Medieval Catholic Origins
Erected between AD 1136 and 1484, Glasgow Cathedral is now Scotland’s largest place of worship. Its history reflects contrasting Christian identities. The site was an ancient pilgrimage destination containing the tomb of the 6th-century Celtic missionary to Strathclyde, St Kentigern (or Mungo). This gave access to the special grace of a saint close to God and whose remains emitted the breath of the Holy Spirit, making the place ‘holy.’
The Cathedral as a Symbol of Salvation
The uplifting Gothic architecture projects the way to the safe haven of salvation. The welcome portal is the nave. This is the spiritual rescue ship bringing pilgrims to Jerusalem in the East. The soaring arches represent the gospel from heaven reaching down to earth offering liberation from corruption, chaos and mortality to beauty, order, and immortality through the sacrificial death of Christ. In the medieval Catholic Church, this mystery, drama, and miracle was reflected in the Roman Latin Mass, dispensing grace from the High Altar with the Eucharistic sacrament.
Protestant Reformation Change of Direction
Following Scottish exit from the Church of Rome in 1560, Glasgow Cathedral worship, ministry, and governance changed permanently in line with Reformation principles. These included Christ alone, faith alone, Scripture alone, and two sacraments only. This led to radical resetting from doing to receiving, human merit to grace of God, seeing to hearing, altar to pulpit, sacrament to preaching, unmarried priest to married minister, mother church to divine Covenant, prayer invoking Mary and the saints as intercessors to prayer directly addressing the Deity only, elitist Latin Vulgate to open English Bible for all, and Latin psalms chanted by monks to psalms in English sung by the congregation. ‘Pure worship’ was confined to preaching, two sacraments, prayer to the Persons of the Trinity, and sung praise. This refocussing underlay the new Scottish church service manual derived from Geneva: the Book of Common Order. It is still the basis of modern worship here.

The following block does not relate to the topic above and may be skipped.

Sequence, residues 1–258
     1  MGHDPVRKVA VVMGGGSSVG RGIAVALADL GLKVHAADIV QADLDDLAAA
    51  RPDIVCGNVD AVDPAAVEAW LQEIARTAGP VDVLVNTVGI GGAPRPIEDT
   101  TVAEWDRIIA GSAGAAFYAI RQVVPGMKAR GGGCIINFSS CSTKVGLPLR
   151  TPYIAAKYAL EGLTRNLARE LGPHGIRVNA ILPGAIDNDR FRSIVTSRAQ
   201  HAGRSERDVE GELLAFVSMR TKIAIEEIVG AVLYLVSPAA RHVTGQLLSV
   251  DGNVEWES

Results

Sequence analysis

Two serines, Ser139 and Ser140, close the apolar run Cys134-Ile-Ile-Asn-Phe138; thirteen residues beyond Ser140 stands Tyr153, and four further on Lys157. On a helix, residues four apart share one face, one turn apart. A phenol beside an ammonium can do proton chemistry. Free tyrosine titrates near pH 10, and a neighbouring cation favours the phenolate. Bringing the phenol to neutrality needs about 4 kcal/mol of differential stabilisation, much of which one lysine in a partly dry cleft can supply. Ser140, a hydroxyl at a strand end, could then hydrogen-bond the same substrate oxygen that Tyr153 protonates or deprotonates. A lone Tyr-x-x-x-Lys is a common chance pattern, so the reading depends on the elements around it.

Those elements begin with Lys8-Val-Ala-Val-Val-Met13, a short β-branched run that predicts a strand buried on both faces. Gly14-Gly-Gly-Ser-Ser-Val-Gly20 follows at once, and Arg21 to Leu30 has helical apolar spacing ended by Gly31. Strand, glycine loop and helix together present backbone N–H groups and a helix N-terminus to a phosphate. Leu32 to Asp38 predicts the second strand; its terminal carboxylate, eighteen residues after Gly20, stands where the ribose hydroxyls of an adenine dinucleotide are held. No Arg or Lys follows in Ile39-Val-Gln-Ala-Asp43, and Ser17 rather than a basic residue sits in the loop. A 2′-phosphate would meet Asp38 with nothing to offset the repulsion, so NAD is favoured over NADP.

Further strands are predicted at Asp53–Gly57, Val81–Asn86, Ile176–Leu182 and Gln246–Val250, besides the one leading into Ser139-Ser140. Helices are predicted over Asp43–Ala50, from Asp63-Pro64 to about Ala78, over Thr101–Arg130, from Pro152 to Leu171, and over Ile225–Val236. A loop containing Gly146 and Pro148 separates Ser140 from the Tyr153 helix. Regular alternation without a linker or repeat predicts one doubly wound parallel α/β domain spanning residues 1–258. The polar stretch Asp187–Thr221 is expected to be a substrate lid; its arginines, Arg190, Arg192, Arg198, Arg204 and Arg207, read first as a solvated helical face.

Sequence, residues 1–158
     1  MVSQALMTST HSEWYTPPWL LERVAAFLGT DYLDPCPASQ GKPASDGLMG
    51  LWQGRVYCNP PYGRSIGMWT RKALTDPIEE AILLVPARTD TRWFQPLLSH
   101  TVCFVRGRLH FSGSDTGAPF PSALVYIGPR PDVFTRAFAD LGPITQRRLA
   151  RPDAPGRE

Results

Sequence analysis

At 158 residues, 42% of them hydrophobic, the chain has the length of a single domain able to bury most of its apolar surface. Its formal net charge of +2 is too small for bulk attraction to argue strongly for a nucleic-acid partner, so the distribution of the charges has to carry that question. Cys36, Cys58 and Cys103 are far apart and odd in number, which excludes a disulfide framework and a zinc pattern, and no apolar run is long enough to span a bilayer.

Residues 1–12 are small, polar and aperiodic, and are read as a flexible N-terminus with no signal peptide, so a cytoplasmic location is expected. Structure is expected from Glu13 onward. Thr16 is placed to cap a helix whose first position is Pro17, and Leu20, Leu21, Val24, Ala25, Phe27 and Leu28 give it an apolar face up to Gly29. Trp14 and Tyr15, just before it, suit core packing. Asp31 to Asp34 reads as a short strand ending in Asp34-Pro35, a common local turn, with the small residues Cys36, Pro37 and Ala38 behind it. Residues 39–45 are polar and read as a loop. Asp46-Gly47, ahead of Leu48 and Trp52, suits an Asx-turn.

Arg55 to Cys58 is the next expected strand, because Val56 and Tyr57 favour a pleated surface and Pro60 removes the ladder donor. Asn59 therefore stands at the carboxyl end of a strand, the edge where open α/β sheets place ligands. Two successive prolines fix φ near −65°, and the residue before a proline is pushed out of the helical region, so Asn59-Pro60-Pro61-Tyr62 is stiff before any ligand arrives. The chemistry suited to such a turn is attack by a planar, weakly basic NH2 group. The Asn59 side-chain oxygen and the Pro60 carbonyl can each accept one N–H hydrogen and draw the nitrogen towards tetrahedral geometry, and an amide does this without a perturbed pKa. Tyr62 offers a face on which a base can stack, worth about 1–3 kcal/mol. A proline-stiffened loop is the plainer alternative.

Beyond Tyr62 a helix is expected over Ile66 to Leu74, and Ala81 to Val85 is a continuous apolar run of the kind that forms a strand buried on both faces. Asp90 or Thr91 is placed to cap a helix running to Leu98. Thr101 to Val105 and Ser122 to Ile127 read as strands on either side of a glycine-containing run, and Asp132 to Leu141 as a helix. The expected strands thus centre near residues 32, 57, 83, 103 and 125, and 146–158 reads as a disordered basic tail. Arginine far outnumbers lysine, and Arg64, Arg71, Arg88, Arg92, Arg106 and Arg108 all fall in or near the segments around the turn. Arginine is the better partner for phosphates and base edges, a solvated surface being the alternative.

At Communion or the ‘Sacrament’ (reduced to four times a year to heighten value), everyone now sat at tables and received both bread and wine. These elements represented real nourishment of body and soul as well as reassurance through Christ’s spiritual presence and his promises as the Word of God. As in the Church of Scotland, modern Communion in the Cathedral is open to believers of any denomination.
Post-Reformation Changes in Appearance
Since Reformed Churches followed only scriptural practices and commandments, there were noticeable consequences, like the removal of all images and statues of the three divine Persons and saints, crucifixes, side chapels, relics, fabrics, and elaborate clerical vestments. Scripture, doctrine, and faith mattered most. Dramatic religious symbolism and art lost importance. The name ‘Cathedral’ gave way to ‘the High Kirk,’ referring to the city’s High St. The massive building was subdivided into three different parish churches to meet new needs in Glasgow. The idea was that a stone building was not as holy or sacred as the human hearts in which the Holy Spirit truly dwells.
New Forms of Ministry and Church Management
In the Reformed Church of Scotland there was controversy over whether the Kirk should be governed by monarch, bishops, and synods, or by ministers, elders, and presbyteries devoid of individualis hierarchy. In 1638 the Kirk’s General Assembly meeting at Glasgow Cathedral voted for presbyterian church government in the entire Scottish Church. It also declined Church of England-style worship and ritual favoured by monarch and bishops, and restored plainer Reformed services. And in 1647 the Kirk adopted the Westminster Confession of Faith as its main explanation of doctrine and practice. These choices became definitive in 1690 and are still in place today. This means that the Cathedral is not in a diocese; it just refers to the building. It does not have a bishop, dean, canon, priest, or vicar. Instead, its officials (presbyters) are ordained ministers and ordained elders of equal rank. These are subject to the higher corporate authority of a regional presbytery and the annual national General Assembly.
Readjustments of the Modern Cathedral
In 1835, the High Kirk of Glasgow reverted to being one parish – renamed ‘St Mungo’s.’ The building became a single sanctuary again. The word ‘cathedral’ reappeared. There was also interior redesign and restoration: the typically Old Reformed central high pulpit gave way to a more balanced lay out of pulpit and Communion table. There was a turn to more ceremony. An organ was installed along with a robed choir to enhance the musical experience. The clear windows were reglazed and stained by German craftsmen, but these Victorian windows were replaced in the 20th century. Use of the Apostles’ Creed and the Nicene Creed was reintroduced as was more awareness of the ‘Christian Year.’
These developments reflected the openness of modern Scottish Reformed and Presbyterian church services to usages of other denominations in an ecumenical spirit ad that of continuing reformation.